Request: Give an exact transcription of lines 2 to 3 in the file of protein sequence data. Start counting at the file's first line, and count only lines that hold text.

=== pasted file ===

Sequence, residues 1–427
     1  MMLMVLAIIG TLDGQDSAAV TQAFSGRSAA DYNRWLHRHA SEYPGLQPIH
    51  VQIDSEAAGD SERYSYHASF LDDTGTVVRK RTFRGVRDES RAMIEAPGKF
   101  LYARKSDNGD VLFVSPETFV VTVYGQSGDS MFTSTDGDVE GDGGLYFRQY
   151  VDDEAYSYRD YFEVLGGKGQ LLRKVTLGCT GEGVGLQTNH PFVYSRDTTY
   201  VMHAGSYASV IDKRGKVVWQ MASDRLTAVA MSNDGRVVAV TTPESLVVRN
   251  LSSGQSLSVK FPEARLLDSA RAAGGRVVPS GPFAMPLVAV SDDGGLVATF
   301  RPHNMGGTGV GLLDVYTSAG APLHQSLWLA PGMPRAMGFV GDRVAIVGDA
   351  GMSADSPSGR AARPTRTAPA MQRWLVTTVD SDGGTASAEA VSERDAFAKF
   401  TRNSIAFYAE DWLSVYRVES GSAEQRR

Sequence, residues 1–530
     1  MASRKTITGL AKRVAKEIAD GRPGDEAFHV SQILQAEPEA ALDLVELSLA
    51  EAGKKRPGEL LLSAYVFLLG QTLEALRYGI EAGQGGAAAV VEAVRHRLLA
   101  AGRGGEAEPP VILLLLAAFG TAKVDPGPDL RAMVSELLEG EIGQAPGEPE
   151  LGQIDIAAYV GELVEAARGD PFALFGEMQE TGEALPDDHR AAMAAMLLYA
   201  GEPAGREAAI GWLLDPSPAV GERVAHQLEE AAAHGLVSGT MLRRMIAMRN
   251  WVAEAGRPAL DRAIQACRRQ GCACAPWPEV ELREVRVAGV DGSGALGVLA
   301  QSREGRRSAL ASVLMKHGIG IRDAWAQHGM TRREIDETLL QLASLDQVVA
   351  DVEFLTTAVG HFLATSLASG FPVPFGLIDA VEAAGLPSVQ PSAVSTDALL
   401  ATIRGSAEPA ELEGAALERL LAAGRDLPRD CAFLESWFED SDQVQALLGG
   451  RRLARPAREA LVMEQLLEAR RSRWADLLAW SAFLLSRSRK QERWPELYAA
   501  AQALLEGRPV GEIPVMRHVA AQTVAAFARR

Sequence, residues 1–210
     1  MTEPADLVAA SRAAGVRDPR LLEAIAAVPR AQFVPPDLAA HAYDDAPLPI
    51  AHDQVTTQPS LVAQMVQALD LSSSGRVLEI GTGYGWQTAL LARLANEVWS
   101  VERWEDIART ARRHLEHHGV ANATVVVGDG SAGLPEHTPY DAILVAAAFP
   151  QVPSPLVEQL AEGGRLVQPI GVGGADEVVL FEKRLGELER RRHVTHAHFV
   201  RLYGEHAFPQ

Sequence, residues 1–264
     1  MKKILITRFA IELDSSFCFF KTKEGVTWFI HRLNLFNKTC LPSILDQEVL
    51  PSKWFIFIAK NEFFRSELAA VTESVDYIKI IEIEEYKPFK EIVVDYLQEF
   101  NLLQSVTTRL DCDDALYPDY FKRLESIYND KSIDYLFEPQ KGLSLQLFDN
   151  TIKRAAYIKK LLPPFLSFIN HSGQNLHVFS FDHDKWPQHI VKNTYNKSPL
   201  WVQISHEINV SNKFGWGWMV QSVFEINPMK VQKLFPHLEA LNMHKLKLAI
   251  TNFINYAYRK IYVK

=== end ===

     1  MMLMVLAIIG TLDGQDSAAV TQAFSGRSAA DYNRWLHRHA SEYPGLQPIH
    51  VQIDSEAAGD SERYSYHASF LDDTGTVVRK RTFRGVRDES RAMIEAPGKF